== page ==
We are currently artists in residence at Kingdom Supercultures, a natural microbial culture design company. Kingdom Supercultures collects undiscovered, naturally-occurring microbes from the wild and assembles them into communities for fermentation. These microbial assemblages are termed “supercultures,” as they focus on novel relationships between different microbe species and their emergent metabolics. Placing microbes together in new iterations can result in completely unique smells and flavors.

Image: Honey fermentation experiment at home.

Our lab residency at Kingdom Supercultures focuses on three primary areas: experimental mead fermentation, bioprospecting within the bee microbiome, and environmental analysis of bee habitats and honey production. Honey fermentation is the oldest known form of fermentation, dating as early as 7000 BCE when honey fermentation vessels were discovered in northern China. The soma described in the hymns of the Rigveda may be the earliest description of fermented honey, likely written between 1700–1100 BCE. Throughout history, honey has been used as an intoxicant, a sacred nectar, an aid for healing and cleansing, as well as an entheogen.

Images: Collecting microbial samples from bees and honey combs for bioprospecting.

By studying mead with Kingdom Supercultures, we hope to connect this most ancient ferment to contemporary biotechnology. What new flavors of mead might be created from novel microbe communities? We are particularly interested in new meads that are fermented with microbes found on and around the bees themselves. Presently, we are conducting a series of microferment experiments, fermenting New York honey varieties with commonly-used microbes (Torulaspora delbrueckii, Saccharomyces cerevisiae, and Lactobacillus). We are fermenting the honey using various strategies, including  simultaneous and sequential inoculation.

Image: Microfermentation experiments with different microbial species and inoculation methods. 

Image: Secondary fermentation for new mead flavors.

However, our ultimate goal is to ferment with microbes endemic to the bees and the hives where the honey is collected. To this end, we are bioprospecting within the bee microbiome, collecting bee and hive samples around New York and lab-culturing the microbes found on these samples. We hope to extract and characterize novel yeast and bacteria strains that we can use for fermentation. As we ferment with these endemic microbes, we will track the chemical composition of the honey and the related metabolic output of the microbes (antioxidants, phenolic compounds, sugar content, contaminants, etc.).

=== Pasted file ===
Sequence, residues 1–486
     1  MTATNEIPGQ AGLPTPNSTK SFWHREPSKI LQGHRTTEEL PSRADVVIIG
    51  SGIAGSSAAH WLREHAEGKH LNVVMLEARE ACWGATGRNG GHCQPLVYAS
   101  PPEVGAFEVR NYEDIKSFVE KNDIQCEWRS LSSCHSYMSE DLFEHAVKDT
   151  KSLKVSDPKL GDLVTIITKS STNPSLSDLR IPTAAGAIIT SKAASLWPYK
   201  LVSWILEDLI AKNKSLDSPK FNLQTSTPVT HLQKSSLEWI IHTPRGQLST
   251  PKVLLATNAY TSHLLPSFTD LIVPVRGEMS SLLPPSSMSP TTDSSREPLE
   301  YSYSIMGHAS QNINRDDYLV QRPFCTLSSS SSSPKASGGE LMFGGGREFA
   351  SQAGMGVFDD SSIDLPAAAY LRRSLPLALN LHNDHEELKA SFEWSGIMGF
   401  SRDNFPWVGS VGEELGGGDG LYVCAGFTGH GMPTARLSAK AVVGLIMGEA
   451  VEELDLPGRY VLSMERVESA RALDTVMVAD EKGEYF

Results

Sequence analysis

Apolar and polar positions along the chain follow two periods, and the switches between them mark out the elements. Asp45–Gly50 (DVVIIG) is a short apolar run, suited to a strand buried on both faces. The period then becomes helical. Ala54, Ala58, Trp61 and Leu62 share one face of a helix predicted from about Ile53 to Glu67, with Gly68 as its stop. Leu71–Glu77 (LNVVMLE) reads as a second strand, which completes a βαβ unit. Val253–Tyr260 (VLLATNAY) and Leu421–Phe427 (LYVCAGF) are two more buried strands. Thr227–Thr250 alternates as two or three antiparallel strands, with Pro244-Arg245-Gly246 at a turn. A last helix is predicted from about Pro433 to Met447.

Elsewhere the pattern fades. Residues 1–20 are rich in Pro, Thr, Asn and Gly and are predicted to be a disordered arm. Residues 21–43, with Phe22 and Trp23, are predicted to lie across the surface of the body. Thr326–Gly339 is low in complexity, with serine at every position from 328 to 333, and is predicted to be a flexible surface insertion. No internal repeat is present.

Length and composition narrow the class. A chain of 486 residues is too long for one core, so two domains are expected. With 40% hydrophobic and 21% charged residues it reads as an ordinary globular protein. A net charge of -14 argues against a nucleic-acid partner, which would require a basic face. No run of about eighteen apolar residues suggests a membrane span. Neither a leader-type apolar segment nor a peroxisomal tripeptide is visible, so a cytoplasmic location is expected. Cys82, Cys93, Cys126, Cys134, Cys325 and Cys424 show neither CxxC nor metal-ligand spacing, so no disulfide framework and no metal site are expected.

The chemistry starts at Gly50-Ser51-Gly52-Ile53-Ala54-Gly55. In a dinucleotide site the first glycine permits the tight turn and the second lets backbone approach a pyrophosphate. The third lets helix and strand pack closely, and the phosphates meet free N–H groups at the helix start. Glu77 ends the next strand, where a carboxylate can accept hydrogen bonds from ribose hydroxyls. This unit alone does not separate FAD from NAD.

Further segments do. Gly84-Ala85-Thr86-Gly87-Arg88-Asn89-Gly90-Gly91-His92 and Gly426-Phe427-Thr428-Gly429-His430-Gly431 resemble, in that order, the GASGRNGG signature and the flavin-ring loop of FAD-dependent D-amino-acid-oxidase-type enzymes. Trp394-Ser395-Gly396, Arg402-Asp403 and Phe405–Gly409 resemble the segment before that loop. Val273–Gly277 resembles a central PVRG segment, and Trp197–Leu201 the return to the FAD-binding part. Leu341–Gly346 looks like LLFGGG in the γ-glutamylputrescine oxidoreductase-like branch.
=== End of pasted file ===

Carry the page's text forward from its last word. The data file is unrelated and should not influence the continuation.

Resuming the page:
Image: Preparing plates for microbial growth from honey samples.

Image: Preparing bee microbial samples for lab culturing.

Due to the pollination habits of bees, honey serves as a barometer for ecological health, reflecting the botanical abundance, biodiversity, and contaminants of a given area. Through chemical analysis, such as mass spectrometry, we can identify and compare the active compounds that affect flavors, as well as the contaminants in different honey samples. As we speak with meadmakers and beekeepers, we have noticed a prejudice against urban-produced honey, which is often thought to be of lower quality. We are questioning this bias, and testing whether it has any scientific basis. Our goal is to detect the general quality of both urban and rurally produced honey, as well as to infer how the feeding habits and botanical environment of the bees affects the honey.

Image: Naturally occuring microbial strains found in NY honey samples.